Nov. 25 sailed for Queenstown at 10 AM; passed Saint John and anchored in Beaver Harbour at 3:30 PM on the 26th. Set sail at 10 AM on the 27th. Passed to the west of Grand Manan and then lost sight of land. By the 28th, we were off Cape Sable. Sighted four steamships and a brig. Weather fair. During the next three weeks, the Bessie May crossed the North Atlantic by way of the Grand Banks of Newfoundland. Enroute considerable rain, squally weather and eventually fair winds were encountered; otherwise the voyage was uneventful. On Dec. 18th at 11:30 PM, the light from Cape Clear lighthouse, on a small island off the southern tip of Ireland, was sighted. At 7AM the next day, the Bessie May was abreast of Kinsale Lighthouse and by 11:30 dropped anchor in Queenstown Harbour. This seaport, located a few miles southeast of Cork, is today known as Cobh. The first leg of the voyage was over.

Happy to be on dry land, Alexander Black made good use of his time over the next few days as the Bessie Mays cargo of lumber was unloaded. Always the curious traveler, he spent Dec. 20th exploring the nearby city of Cork. While anchored in Queenstown, arrangements were made for the Bessie May to proceed to Greenock, Scotland to pick up a load of coal. On Dec 23, the ship set sail through the Irish Sea and Firth of Clyde, reaching a point 28 miles below Greenock at daybreak on Christmas Day. A tug towed the brig into port, where an unspecified cargo, picked up in Queenstown, was unloaded.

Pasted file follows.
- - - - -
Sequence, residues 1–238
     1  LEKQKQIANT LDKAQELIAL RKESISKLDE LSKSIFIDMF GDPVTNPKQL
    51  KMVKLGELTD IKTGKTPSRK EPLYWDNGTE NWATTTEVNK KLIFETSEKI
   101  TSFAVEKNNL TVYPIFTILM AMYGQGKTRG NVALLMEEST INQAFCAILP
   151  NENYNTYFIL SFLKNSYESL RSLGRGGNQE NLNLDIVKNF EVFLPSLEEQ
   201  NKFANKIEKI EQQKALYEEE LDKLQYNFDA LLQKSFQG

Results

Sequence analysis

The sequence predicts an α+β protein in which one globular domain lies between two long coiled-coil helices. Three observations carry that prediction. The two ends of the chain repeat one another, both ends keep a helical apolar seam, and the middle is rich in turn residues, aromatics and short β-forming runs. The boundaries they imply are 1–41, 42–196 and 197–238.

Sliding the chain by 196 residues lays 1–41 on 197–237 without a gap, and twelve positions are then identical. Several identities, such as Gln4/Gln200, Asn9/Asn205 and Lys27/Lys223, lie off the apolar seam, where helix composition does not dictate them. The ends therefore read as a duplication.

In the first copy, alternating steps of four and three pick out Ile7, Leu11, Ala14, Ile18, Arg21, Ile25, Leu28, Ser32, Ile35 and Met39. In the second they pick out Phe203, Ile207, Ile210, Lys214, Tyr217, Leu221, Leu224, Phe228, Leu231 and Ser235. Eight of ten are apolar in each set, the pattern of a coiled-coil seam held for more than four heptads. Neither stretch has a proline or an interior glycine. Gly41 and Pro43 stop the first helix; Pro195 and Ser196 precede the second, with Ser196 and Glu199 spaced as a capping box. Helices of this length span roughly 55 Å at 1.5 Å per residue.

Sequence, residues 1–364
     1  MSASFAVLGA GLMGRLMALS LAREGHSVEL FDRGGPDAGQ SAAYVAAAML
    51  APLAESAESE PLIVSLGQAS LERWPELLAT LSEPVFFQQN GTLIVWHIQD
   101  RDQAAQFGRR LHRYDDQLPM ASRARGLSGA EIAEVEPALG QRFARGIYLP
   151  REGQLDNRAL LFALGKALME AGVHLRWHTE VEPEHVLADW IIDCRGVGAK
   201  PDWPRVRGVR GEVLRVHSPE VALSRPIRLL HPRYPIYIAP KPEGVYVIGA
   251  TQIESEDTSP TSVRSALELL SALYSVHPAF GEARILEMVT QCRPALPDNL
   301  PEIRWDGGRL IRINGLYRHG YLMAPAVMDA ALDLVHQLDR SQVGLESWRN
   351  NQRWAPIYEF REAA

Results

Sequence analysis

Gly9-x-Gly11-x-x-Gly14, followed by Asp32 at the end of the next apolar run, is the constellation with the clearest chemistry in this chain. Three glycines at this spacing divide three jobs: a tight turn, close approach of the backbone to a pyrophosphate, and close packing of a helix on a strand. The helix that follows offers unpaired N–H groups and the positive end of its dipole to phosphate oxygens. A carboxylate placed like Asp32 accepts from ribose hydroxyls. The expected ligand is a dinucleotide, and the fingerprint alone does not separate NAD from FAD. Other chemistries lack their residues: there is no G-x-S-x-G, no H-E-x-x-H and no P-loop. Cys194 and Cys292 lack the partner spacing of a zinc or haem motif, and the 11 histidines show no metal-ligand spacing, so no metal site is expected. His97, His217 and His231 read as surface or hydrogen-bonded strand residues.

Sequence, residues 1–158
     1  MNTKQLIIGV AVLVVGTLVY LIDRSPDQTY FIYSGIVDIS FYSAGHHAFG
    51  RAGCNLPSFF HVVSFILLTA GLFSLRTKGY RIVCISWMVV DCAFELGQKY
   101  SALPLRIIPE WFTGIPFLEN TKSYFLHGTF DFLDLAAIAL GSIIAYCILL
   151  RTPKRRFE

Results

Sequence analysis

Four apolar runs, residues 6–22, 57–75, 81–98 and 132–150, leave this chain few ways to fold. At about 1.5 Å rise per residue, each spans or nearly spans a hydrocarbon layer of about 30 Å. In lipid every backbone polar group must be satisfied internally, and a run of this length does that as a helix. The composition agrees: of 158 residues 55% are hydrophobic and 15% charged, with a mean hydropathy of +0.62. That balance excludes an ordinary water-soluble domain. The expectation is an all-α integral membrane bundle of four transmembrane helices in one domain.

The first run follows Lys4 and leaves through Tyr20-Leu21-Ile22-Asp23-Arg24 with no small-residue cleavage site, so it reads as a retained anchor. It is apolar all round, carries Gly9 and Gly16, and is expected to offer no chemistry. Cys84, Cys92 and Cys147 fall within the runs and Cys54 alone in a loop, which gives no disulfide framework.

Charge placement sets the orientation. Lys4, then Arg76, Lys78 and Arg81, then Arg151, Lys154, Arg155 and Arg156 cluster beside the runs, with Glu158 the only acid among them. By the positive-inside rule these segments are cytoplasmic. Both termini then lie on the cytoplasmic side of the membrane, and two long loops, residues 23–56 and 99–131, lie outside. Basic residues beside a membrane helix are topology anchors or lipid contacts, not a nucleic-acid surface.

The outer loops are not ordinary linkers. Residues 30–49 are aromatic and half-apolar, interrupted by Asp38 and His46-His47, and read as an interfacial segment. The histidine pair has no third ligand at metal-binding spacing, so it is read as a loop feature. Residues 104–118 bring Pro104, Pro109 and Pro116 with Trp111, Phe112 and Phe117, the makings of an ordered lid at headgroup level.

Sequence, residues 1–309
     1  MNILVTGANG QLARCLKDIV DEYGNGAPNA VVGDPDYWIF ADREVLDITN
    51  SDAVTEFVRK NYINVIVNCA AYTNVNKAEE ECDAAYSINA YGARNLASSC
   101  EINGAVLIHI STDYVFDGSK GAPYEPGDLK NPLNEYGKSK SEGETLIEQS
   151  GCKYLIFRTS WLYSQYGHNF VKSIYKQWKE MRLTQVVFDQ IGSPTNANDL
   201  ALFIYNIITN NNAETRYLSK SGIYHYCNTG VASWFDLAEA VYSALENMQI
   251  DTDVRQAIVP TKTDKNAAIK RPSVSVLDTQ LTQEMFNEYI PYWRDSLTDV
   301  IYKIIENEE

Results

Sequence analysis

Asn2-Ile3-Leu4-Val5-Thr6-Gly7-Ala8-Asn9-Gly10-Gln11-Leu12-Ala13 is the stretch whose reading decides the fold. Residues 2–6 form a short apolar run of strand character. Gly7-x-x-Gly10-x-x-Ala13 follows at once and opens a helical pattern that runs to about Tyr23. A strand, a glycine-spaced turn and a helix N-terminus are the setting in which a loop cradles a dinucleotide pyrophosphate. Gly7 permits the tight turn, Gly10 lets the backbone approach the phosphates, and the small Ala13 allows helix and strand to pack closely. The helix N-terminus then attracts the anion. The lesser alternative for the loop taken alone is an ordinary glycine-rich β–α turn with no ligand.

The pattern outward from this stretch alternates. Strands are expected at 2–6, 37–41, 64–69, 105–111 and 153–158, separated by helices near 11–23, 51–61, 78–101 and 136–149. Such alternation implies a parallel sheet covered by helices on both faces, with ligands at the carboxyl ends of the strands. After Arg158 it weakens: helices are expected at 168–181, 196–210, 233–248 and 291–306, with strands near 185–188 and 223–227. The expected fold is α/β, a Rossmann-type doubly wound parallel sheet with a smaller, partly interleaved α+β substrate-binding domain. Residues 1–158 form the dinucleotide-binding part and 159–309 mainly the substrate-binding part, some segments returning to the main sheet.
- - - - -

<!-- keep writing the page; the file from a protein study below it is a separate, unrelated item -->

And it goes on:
Once more Alexander Black opted to go exploring, this time in nearby Glasgow. Unfortunately, the Diary mentions only the highlights. Chief of these was St. Mungos Cathedral, which made a lasting impression. He also singled out West Park, the Arcade and Bazaar as being of interest. Alexander Blacks one regret was an inability to find a Methodist Church. Nevertheless, on Sunday Jan. 2, 1876, he starts the new year right by worshipping in a Presbyterian Church. A delay in departure of the Bessie May provided another opportunity. He was able to hop on a train and travel to Edinburgh, where he spent several packed days visiting all the noted places in the New Town and all the noted places in the Old Town.